Paradise Killer for Switch – Breathe Life Back Into Paradise

Paradise Killer


Detective games can be tough to make. There’s so much to think about when making one: the mystery, the gameplay, and most importantly, the balance of giving the player enough information to solve the case, but not too much that you spell it out for them. For me, the gold standard of games like this is Return of the Obra Dinn, where you pretty much have to figure things out for yourself, and even guess in some cases. Going into Paradise Killer, I had kept what makes a good detective game in mind throughout the entire experience. 


Paradise Killer is an open world, story-based investigation game developed by Kaizen Game Works and published by Fellow Traveler. With it, they hoped to provide a different spin on the murder mystery genre of video games. 

A World Separate From Our Own

Paradise Killer takes place in a reality separate from our own, where a rogue human civilization is attempting to resurrect dead gods using the power of citizens they kidnap from Earth. Of this group are the Council, who make the decisions, and the Syndicate, who help those decisions come to fruition. 

However, the energy and worship on these islands are so great that they attract demons from space. Every time demons overrun an island, they must restart, and thus make a new island. On the 24th island, and on the eve of switching to the 25th, the Council is murdered, and the Syndicate is forced to call upon the help of the long-exiled “investigation freak,” Lady Love Dies, to solve the crime to end all crimes. 

Overall, the story is pretty good. The characters are well written, the world is well constructed, and there are themes pertaining to subjects like classism, theology, and the criminal justice system that are executed well, even if there are several typos sprinkled throughout its writing.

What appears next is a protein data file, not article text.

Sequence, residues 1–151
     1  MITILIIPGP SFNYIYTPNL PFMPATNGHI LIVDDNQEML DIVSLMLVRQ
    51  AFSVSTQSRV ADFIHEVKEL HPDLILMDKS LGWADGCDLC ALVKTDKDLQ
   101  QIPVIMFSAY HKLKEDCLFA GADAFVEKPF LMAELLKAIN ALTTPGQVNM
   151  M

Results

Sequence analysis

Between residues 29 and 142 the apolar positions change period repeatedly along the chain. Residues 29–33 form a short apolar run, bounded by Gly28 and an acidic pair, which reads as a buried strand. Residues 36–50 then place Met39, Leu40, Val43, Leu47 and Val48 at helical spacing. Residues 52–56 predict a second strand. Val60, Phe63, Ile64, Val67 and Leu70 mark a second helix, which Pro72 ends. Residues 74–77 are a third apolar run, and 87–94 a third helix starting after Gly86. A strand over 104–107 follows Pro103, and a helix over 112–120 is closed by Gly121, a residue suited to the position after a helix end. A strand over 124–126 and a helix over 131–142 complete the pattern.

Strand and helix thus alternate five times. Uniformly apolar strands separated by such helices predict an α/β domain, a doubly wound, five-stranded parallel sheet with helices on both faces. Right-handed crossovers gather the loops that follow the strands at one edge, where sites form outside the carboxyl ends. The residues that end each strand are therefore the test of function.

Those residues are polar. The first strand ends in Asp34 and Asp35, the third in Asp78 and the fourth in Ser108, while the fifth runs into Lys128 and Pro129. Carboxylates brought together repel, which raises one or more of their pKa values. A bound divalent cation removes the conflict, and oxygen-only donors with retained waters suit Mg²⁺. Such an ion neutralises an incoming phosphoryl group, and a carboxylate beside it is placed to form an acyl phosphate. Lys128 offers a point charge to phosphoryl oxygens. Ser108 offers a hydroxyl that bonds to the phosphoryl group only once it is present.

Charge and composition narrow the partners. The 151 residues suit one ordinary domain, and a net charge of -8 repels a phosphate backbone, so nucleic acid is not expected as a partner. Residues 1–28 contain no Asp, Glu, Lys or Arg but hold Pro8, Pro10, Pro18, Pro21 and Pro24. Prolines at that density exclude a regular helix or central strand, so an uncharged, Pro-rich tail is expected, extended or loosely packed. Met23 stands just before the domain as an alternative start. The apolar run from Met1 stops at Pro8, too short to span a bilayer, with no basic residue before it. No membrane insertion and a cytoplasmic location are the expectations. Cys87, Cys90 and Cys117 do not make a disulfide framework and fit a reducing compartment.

Now, as for the mystery, obviously I won’t give away too much. However, what I love about this game is how it makes everyone a suspect with reasonable evidence. As you talk to everyone, you’ll realize that everyone has a motive; everyone was capable of this crime. Their backgrounds and their personalities are so fleshed out that, until you got an actually clear picture, anyone could’ve had a part in this. New things are found out and the pointing fingers could switch direction in a moment. 

Free From Exile

Once introductions are done, you are open to the world that is the 24th Island, free to explore it at your leisure with no time limit. Just you, whoever is left, and the island you inhabit. And what a place it is. 

As soon as you step out and gaze upon the world you are to explore, it’s truly a sight to behold. The graphics aren’t amazing, but the art direction makes up for that. Right in front of you are walkways and gardens leading you to these tall stone structures that house, or used to house, important people. Then you look a bit further and see the housing, and how different the Syndicate housing is from the Citizens. How obvious it is that those Citizens are considered the bottom of the ladder, disposable, kept packed tight like processed food.